All in all, I liked The Last Temptation of Christ better.
Amityville II: The Possession: The entire Amityville series is such a load of horse puckey that it shouldn’t surprise anyone that this one stinks. Still, this picture’s a special case. If your idea of a good time is watching incest, child and spousal abuse, and little kids getting mercilessly gunned down, this is the picture for you. (It’s like Joseph Kony fantasy camp.) It’s even more tasteless than the Ryan Reynolds Amityville picture where he beats the dog to death. I hate every pixel of this movie. Hate. Hate. Hate. Hate it.
Which is why I’ll be riffing it soon. Keep your eyes open for that.
I don’t know too much about Lion and Leopard, the book I just received from Dactyl Review, but I do know this. The cover is damn handsome.
I’ll be reviewing this for them sometime in the next few weeks. You’ll hear about that in this space, I promise.
ANCILLARY MATTER: Dactyl decided that the review someone else wrote of my first book, Dismantle the Sun, didn’t meet their guidelines. (It didn’t really. The review was too short, and I’m not sure the guy who wrote it met their eligibility requirements.) Anyway, it’s open for review once again, so, if you’ve published a book-length work of literary fiction and want to review DTS–and in doing so make yourself eligible for a review of one of your books on Dactyl Review–contact them and they’ll arrange for a free copy. Or just let me know directly. I’ll arrange for the review copy, and you can submit your review to them this way. Whatever works for you.
I’ve done a few posts on this blog about the possibility of rewriting certain bad movies into better movies. I’ve never bothered to try the same exercise on a movie I liked. Superman II was one of my favorite flicks when I was younger, and I can still pop it in the Blu-Ray player and watch it with pleasure. Yes, some of Richard Lester’s touches are campier than current blockbuster fashions endorse, and yes, the big cellophane S Superman tosses at Non in the Fortress of Solitude came out of nowhere. That said, the film was fast paced, with high stakes and a collection of outstanding performances from Christopher Reeve, Margot Kidder, Terence Stamp, Gene Hackman, and company. The film made scads of money for everyone involved, and (along with its predecessor, Superman: the Movie) marks the Man of Steel’s zenith on celluloid even to this day.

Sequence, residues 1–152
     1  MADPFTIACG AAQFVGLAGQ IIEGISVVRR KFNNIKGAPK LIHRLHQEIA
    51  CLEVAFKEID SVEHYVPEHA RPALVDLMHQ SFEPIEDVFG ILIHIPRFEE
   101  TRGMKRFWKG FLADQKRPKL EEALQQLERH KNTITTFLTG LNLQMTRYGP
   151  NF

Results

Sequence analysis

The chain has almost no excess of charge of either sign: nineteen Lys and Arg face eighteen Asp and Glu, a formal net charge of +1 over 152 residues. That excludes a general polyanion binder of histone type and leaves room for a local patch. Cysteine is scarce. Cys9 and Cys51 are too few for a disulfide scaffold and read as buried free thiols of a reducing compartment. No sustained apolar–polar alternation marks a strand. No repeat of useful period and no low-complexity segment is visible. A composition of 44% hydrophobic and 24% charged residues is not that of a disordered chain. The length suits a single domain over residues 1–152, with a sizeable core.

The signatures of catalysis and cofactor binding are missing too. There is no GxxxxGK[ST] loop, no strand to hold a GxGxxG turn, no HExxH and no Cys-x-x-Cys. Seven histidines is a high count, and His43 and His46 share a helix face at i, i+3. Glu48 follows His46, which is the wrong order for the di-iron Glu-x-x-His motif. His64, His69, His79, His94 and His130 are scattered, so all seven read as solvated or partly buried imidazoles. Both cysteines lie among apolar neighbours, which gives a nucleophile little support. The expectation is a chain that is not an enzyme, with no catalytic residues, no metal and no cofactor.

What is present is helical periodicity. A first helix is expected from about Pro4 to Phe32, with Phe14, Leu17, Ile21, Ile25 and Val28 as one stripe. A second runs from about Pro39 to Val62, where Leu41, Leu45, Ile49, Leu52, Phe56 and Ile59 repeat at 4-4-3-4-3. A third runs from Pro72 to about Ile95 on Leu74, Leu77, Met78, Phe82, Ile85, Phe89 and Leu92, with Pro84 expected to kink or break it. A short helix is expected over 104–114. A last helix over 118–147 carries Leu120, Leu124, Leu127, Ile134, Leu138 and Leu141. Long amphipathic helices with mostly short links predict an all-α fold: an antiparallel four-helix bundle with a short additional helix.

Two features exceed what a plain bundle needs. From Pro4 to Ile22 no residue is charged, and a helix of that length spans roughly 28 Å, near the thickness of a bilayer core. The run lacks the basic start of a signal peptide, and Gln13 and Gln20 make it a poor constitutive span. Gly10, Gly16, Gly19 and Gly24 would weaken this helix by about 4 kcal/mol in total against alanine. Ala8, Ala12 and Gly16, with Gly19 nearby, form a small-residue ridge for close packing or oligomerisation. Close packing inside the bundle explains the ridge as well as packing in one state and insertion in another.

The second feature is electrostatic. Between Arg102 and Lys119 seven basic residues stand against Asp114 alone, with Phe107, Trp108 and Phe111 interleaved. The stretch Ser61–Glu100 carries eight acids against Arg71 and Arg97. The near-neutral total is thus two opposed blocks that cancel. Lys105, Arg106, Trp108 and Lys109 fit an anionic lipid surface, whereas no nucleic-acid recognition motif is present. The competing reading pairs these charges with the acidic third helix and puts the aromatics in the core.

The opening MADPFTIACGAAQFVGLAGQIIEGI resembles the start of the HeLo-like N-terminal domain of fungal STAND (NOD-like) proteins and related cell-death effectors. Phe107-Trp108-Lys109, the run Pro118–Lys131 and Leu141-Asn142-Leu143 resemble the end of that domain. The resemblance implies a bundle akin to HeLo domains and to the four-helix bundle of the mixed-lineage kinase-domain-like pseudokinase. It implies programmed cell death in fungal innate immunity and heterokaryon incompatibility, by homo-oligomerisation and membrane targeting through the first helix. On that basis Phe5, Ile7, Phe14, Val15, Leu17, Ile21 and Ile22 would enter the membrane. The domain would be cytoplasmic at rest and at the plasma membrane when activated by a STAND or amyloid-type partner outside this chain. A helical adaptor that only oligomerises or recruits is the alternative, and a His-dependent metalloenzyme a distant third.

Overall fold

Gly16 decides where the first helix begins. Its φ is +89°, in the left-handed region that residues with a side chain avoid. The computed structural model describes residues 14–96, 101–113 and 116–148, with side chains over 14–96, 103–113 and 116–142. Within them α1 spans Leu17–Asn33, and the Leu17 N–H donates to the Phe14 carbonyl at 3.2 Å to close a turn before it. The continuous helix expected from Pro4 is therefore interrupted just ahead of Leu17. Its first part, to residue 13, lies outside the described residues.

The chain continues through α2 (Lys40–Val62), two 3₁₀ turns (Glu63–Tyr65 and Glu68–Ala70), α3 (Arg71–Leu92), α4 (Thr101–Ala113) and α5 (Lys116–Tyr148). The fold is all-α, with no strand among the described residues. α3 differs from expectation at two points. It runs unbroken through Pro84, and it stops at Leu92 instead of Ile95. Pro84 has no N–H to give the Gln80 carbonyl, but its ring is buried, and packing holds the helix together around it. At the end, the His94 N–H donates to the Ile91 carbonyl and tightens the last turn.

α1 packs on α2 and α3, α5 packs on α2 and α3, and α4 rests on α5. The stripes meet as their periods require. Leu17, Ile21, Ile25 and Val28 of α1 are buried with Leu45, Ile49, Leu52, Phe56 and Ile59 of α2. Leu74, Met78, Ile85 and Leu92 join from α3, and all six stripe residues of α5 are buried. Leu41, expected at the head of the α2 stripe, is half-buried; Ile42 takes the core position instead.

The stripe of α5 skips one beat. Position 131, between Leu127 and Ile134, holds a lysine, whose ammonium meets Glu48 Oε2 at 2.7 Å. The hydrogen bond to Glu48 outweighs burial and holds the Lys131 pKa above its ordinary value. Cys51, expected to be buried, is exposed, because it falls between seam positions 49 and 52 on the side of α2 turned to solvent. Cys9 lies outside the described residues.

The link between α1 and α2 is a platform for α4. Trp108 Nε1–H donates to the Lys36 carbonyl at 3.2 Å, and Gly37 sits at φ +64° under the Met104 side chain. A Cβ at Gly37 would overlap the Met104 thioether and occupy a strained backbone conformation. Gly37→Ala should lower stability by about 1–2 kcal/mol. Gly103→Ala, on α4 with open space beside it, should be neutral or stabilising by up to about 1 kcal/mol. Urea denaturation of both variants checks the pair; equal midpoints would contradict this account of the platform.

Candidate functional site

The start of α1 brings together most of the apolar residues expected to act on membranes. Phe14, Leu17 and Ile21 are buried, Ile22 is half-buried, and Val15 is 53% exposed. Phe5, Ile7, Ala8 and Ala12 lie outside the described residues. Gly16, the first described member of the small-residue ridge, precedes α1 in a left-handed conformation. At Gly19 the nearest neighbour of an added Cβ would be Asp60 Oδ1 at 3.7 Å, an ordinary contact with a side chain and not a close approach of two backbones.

So everyone walked away feeling good, right?
I understand that Richard Donner’s dismissal from the Superman II project remains a sore point for him. He’d invested years of his time and talent into these films, had enjoyed success, and certainly felt he’d earned the chance to finish what he’d started. His cast and crew were loyal to him, and they resented coming back to finish the picture with Richard Lester. (Gene Hackman refused outright.) No doubt, when Warner Brothers offered him the chance to restore his vision of the film and release it, it was a great temptation.
Based on the results, it’s one Donner should have resisted.
The main problem with Superman II: The Donner Cut is that it doesn’t fix anything that was ostensibly broken about the theatrical release. Instead, in its zeal to remove as many traces of Richard Lester’s work as it can, it creates whole new narrative problems.
The first issue, the Superman reveal. In the theatrical cut, Lois Lane figures out Clark Kent is the Man of Steel when he trips over a polyester bear and falls into the Flames of Love (trademarked, presumably), emerging unsinged. The Donner Cut chooses to go with the earlier draft reveal, which was used in screen test footage. In it, Lane points a gun at Kent, insisting she’s so sure he’s Superman that she’s willing to bet his life on it. She fires. Kent remains standing, but he says, “If you’d been wrong, Clark Kent would be dead now.” Lane replies that the gun was loaded with blanks.
Okay. On the surface, this is a neat scene, but a few questions arise. Everybody knows Superman is impervious to bullets, but there’s never been any suggestion that he doesn’t notice when they hit him. In the first film, he’s able to track a bullet in flight and catch it before it hits Lois, so he surely would have seen that no bullet came from her gun. (Also, because he has X-Ray vision, he could have glanced at the gun and seen that it was loaded with blanks before she even fired.) He could have played things out by wetting his pants and shouting “Geez, Lois, WHAT THE HELL!” The theatrical cut’s reveal may not be ideal–though given Clark Kent’s established clumsiness and Lois Lane’s suggestion that Superman actually wanted Lois to find him out–it works better than Donner’s offering.